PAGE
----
The world was shocked this month by the discovery of mass graves and bound bodies strewn throughout the streets of the Ukrainian cities of Bucha and Irpin in the Kyiv area.
“We’ve been seeing this since March 1,” said Shevchenko. “Cars running over civilians, indiscriminate gunfire, bodies scattered everywhere. Just a few days ago, we finished burying the bodies that were lying here on the side of the main road. I’m convinced that some of the soldiers did this purely for pleasure.”
Maxim Shevchenko: “We don’t have time to deal with the living, much less the dead”
Maxim Shevchenko lives in Kyiv and serves as a volunteer in the nearby city of Irpin and the surrounding area. He has been providing aid, mainly to elderly residents, since the Russians left the city. One day he rescued a man who was more than 90 years old, a veteran of the second world war, who told him a harrowing tale.
“He said that during one of the days of the Russian occupation, he went out of his house and a Russian military truck approached him. A few soldiers came out and began asking for his personal information. He wanted to know why. They didn’t answer. After that, the soldiers asked him to take his clothes off. He refused. They pointed a gun at him, and he understood that they weren’t messing around.
“They took his clothes off and started searching his body for tattoos, probably looking for swastikas. When they didn’t find any they went to the side, discussed among themselves, and came back. They gave him a bottle of water and a military food ration, and with some degree of embarrassment they told him ‘sorry, grandpa.’”
Shevchenko says the story caught his interest.
“Until I met this man, I was sure that the news reports we get here about Russians being brainwashed were exaggerated. After hearing his story, I understood that we actually underestimated their propaganda,” he said.
“We have a lot in common with the Russians – language, culture, appearance. And it’s strange how you can stand in front of someone and explain all of your thoughts to him, but then you realize that you come from parallel worlds. They’re completely certain that they came to free us from the Nazis, and I’m sure that after more than a month, once they realized that there aren’t any Nazis here, they started to lose it.”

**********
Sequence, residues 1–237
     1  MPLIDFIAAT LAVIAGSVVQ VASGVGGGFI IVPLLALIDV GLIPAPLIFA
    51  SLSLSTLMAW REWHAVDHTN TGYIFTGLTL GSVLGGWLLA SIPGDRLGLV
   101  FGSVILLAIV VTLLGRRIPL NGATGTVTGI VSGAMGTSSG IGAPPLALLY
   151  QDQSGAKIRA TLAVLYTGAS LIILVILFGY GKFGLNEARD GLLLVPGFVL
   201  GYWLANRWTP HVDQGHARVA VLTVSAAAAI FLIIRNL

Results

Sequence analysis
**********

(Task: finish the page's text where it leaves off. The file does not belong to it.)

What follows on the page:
After the Russians took control of the town of Bucha, the road from Kyiv to Irpin was blocked, and the connection with aid workers in the neighboring city was severed.
“We heard a lot of gunfire from far away,” said Shevchenko. “We realized that they were firing on everyone. We knew it was happening at that very moment, because one of my friends, a volunteer, was there. I was the one who took his body out of the car. I saw it with my own eyes.”
On the other side of the road, next to the car in which his friend was killed, he saw the body of an older man lying on a traffic barrier wearing a jacket of a well-known supermarket chain.
“That’s my grandpa, a security guard at the supermarket, he must’ve gone out to smoke, not bothering anyone, and now his body is riddled with bullet holes. What danger did he pose to the soldiers?”
The volunteers are given difficult tasks. Shevchenko had to tell a family who had called to ask for help locating their parents that they had been killed just outside of their house, and were buried next to it. How did he know? The family’s neighbors told him, after he showed up to their house and found it empty.
In the final days before the Russian withdrawal, five volunteers from Shevchenko’s unit were killed.
“One of them I knew, Russian soldiers sprayed him with bullets while he was in his car. Our soldiers buried him by the intersection, next to the car. A lot of the burials are done like that, and eventually there will be an exhausting process of locating the bodies and identifying them as people who used to be alive.
“We don’t have time to deal with the living, much less the dead,” says Shevchenko.